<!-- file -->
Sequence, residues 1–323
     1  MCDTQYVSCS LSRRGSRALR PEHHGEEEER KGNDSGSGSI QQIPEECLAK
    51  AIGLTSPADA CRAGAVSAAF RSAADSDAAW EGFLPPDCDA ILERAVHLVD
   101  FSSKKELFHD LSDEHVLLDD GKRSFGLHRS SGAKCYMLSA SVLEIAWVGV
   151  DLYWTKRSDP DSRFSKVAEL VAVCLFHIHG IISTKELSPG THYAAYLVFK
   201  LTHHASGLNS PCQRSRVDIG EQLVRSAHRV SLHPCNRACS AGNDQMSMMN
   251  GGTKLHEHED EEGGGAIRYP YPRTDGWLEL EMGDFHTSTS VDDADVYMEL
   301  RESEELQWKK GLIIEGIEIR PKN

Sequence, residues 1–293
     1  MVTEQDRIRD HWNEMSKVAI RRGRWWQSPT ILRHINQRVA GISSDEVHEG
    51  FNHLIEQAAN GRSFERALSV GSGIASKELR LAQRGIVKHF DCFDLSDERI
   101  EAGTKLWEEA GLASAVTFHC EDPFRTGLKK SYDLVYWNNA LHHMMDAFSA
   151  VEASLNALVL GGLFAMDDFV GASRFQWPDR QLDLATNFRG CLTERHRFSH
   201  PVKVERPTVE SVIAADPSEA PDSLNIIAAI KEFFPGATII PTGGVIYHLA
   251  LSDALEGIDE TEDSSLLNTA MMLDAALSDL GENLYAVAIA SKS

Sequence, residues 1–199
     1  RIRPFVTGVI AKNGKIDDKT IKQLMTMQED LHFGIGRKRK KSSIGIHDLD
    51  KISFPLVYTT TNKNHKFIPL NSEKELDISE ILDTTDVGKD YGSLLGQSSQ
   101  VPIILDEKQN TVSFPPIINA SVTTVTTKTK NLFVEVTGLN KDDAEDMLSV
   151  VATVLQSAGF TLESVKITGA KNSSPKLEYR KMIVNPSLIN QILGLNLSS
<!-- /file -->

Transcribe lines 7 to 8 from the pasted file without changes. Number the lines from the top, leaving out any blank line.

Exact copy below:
   251  GGTKLHEHED EEGGGAIRYP YPRTDGWLEL EMGDFHTSTS VDDADVYMEL
   301  RESEELQWKK GLIIEGIEIR PKN